By Lisa Johnston
New products on display at the American International Toy Fair, held in N
Audiovox will unveil at the Specialty Equipment Market Association (SEMA) show a new $159 “mechless” car stereo receiver with built-in HD Radio but no CD mechanism.
The new mechless HD5212 will be marketed under the Jensen brand and joins several other new products from Audiovox, including an XM Direct2 tuner that is flash upgradeable and does not need a special smart cable for each vehicle.
The HD5212 receiver is one of the first head units to include built-in HD Radio plus iPod control and satellite radio capability at a low suggested retail of $159. The unit provides multicast reception and ships with an iPod cable. It also has a USB port to support most thumb drives, and an SD card slot.
With the HD5212, Jensen joins a growing number of suppliers planning or already shipping CD-less head units including Alpine, Clarion, Blaupunkt and Parrot (see below).
Audiovox is also adding HD Radio to its current double DIN DVD/monitor, the Jensen 9022. The new version has been upgraded to include built-in navigation and is expected to ship in February at a suggested retail price of $1,199.99.
The new VM9022HDN also offers iPod connectivity, Bluetooth, SD card reader and satellite radio capability. It ships with a built-in 60x4 amplifier and has an integrated center channel rated at 40 watts mono.
Audiovox Electronics president Tom Malone said the company will offer a third HD-Radio product in the next sixth months.
“HD Radio, from our perspective is gaining some momentum — not necessarily yet at the consumer level, although we're seeing signs that the consumer is becoming a little more aware of HD. We're looking at it as a technology that brings a good solution to the end user. We're proceeding cautiously and we'll look at how we do on the three models we'll introduce over the next six months.”
In satellite radio, Audiovox began shipping this month the XM Direct2, which supplies XM reception for many aftermarket radios but does not require a separate smart cable for each brand, as did the original XM Direct tuner. It therefore reduces dealer inventory.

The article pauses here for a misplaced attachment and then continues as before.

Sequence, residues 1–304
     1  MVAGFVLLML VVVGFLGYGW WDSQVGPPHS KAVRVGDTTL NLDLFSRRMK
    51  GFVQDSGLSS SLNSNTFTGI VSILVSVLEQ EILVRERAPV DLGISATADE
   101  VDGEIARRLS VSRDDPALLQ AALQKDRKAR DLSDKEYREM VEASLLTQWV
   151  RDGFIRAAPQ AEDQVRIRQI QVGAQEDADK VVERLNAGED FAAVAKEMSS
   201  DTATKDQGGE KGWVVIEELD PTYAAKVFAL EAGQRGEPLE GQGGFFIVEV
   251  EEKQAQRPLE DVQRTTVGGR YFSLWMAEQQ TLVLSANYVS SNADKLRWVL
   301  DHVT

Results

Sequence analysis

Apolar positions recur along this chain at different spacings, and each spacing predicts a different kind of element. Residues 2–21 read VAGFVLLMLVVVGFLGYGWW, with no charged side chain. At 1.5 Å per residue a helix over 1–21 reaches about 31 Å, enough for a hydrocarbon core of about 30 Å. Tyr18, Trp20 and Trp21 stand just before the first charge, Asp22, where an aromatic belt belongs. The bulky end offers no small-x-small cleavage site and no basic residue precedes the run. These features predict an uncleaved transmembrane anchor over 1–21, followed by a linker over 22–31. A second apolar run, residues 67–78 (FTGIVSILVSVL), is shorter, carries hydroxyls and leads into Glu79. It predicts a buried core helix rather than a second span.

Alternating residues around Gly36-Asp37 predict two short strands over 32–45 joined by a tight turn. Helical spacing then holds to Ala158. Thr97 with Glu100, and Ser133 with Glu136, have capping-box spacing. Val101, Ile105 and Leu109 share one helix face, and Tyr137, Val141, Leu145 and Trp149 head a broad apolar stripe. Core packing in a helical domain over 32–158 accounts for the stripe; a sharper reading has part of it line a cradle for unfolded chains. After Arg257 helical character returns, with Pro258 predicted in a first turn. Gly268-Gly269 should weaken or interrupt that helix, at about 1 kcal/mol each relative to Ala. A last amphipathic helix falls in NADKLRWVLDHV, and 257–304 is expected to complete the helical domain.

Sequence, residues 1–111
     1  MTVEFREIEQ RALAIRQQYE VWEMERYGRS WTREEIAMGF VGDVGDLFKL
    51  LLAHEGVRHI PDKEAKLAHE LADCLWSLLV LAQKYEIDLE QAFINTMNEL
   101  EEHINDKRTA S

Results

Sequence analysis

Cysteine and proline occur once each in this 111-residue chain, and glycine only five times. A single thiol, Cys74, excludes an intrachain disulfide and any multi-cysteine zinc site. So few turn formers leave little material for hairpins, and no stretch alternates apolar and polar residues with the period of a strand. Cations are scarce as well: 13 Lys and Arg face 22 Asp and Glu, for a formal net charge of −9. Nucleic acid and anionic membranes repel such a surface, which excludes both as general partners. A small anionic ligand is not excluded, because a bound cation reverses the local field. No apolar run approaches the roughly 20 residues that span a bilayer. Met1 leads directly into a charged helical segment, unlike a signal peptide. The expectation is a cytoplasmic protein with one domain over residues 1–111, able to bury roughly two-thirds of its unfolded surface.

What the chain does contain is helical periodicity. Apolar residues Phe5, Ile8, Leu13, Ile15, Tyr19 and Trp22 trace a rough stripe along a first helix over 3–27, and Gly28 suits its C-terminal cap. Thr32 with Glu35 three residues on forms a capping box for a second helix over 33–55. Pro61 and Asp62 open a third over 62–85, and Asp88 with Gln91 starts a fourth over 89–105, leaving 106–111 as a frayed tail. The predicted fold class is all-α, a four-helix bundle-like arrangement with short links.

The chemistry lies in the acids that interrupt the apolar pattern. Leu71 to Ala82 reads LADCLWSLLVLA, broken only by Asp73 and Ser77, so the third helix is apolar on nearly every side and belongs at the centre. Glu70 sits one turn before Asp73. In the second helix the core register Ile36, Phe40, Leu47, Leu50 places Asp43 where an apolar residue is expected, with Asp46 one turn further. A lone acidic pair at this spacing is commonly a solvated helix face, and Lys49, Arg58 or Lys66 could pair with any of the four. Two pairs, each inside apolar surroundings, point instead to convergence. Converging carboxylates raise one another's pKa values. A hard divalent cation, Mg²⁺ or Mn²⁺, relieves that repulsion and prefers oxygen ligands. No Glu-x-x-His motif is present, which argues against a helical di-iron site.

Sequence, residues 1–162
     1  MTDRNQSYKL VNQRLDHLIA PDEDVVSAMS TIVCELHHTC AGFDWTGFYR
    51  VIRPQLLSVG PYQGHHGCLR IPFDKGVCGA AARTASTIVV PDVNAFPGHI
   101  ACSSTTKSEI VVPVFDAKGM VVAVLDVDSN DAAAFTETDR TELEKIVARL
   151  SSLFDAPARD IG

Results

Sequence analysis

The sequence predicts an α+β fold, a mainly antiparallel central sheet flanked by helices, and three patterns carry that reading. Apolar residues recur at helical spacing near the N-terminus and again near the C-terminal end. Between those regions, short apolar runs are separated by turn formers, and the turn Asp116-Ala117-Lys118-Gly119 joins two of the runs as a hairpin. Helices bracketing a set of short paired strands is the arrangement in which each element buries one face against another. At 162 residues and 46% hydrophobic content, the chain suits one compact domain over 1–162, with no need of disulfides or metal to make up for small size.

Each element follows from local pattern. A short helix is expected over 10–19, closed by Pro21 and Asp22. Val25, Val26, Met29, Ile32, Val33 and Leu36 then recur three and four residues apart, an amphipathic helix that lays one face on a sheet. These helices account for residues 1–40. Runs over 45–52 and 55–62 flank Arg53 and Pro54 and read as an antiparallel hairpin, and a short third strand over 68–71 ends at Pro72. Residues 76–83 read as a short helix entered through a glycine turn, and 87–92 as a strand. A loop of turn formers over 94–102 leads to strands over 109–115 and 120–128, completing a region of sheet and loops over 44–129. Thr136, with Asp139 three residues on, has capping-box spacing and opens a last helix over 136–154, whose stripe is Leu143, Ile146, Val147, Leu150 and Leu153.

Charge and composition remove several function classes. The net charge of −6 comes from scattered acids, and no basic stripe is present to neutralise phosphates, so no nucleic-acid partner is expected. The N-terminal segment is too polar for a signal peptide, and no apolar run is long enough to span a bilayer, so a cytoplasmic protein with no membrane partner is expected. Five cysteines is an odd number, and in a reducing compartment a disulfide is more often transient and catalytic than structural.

Instead the XM Direct is flash upgradeable and can be programmed to provide XM reception to radios from Alpine, Clarion, Eclipse, Jensen, JVC, Kenwood, Panasonic, Pioneer and Sony. If the user buys a new car radio in the future, the Direct2 can be programmed to work with the new model provided it is from a participating supplier.
To program the Direct2, the installer attaches it to a PC running Audiovox software and downloads programming for a specific radio to a USB flash-programmable memory chip in the Direct2. He then adds a harness. The unit comes with an XM MiniTuner — a portable subscription that can be shuttled to a home or portable device — and a universal adapter kit and cable.
The XM Direct2 has just begun shipping at full kit suggested retail of $129.
Audiovox is also testing the new Ultra Mobile PC (UMPC) market with the Anyware NVX3000PC. Ultra Mobile PCs are small tablet PCs (bigger than a BlackBerry but smaller than a sub-notebook) that offer the computing power of a notebook PC. Users can download movies to the device and connect to the Internet via Wi-Fi. The unit also serves as a full fledged PC that is Windows Vista/XM compatible. Audiovox claims its UMPC is the first to offer GPS turn-by-turn directions. It also announces the street names for upcoming turns and adds Bluetooth connectivity.
The NVX3000PD has a 7-inch screen, 30GB hard drive and SD card slot.
The product will soft launch at SEMA and is available this month online at a suggested retail of $1,499.
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